I was excited for this week since it enabled me to use one of my all-time favorite films as my first pick and while I'm not as devoted to my other two they are good films.

    Missing (1982)-A young American couple Charlie and Beth Horman (John Shea & Sissy Spacek) are living in Chile while he works as a freelance writer observing the political situation. Suddenly they are caught in a coup and when Beth returns home one day their house is ransacked and Charlie is missing. When word reaches the States his disapproving father Ed (Jack Lemmon) arrives looking for answers. Despite assurances by the authorities that everything is being done an unbelieving Beth and increasingly doubtful Ed begin their own search, as they come to understand each other at last Ed’s eyes are opened to facts that go against everything he believes in. Riveting fact based drama directed by Costa-Gravas earned four Oscar nominations-Best Actor & Actress for Lemmon and Spacek as well as a Best Adaptation and a Best Picture nod.

    Without a Trace (1983)-Susan Selky (Kate Nelligan) helps her six year old son Alex get ready and watches him set off on the three block walk to school in their affluent New York City neighborhood but he never makes it. When he doesn’t return home at the appointed hour she slowly comes to the realization that something is terribly wrong and contacts the police. Both she and her husband (David Dukes) are immediately suspected, when it becomes clear they aren’t involved the police follow other leads but the case soon turns cold. For everyone that is but Susan who becomes so determined in her pursuit she pushes almost everyone including her husband and good friend (Stockard Channing) away. However with the assistance of one detective who also won’t give up (Judd Hirsch) she presses on determined to have some resolution whatever that may be. Exceptionally well-acted but a tough watch.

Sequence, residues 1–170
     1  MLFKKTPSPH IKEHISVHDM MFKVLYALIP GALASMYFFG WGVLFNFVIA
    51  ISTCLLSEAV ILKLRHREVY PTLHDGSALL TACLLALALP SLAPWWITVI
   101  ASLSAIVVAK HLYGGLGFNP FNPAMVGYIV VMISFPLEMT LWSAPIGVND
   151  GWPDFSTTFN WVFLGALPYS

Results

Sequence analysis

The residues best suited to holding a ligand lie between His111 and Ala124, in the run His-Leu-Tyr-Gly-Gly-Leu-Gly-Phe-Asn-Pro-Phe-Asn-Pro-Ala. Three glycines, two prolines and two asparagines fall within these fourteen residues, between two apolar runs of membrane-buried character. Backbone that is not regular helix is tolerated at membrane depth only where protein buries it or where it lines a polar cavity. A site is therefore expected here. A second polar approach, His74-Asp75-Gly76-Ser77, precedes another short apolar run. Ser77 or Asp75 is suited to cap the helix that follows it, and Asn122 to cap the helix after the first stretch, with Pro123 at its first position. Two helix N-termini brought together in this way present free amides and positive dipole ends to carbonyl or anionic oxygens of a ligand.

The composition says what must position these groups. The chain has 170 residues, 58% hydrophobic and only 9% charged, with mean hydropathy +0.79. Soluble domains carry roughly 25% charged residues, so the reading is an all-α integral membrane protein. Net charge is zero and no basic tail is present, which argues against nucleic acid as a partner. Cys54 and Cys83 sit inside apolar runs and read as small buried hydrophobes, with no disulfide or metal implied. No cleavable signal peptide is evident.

The Seventh Victim (1943)-Mary Gibson (Kim Hunter) arrives in New York City intent on locating her sister Jacqueline who has disappeared. As she starts searching she meets resistance from all quarters including her sister’s husband. As she delves deeper into the mystery she discovers a connection to devil worship and begins to fear for her own safety. Low budget noir produced by Val Lewton has a nice sense of dread and looks at a provocative subject for a forties film. This was future Oscar winner Hunter’s screen debut.

  2. I haven't seen any of these although I heard of the last 2. The first one has already scared the hell out of me especially with the goat so not sure if I would see this one. Picnic is something I would like to see and I did think it was based on a true story. The 3rd and white, foreign, frustrated sex....that was the rage back then. Basically women are needy and try to achieve it through sex. Men...well the. One is a slut who searches for whatever through sex....ok.

  3. I haven't seen any of these but now I have a good reason to watch The Witch. It seems like it is a good film after all.

  4. I love that you went with The Witch! That's a great choice.

  5. The Witch and Picnic at Hanging Rock are perfect choices! I haven't seen L'Avventura.

  6. The witch! Can't believe I didn't think of that. Completely agree that this was a star making performance from Anya Taylor-Joy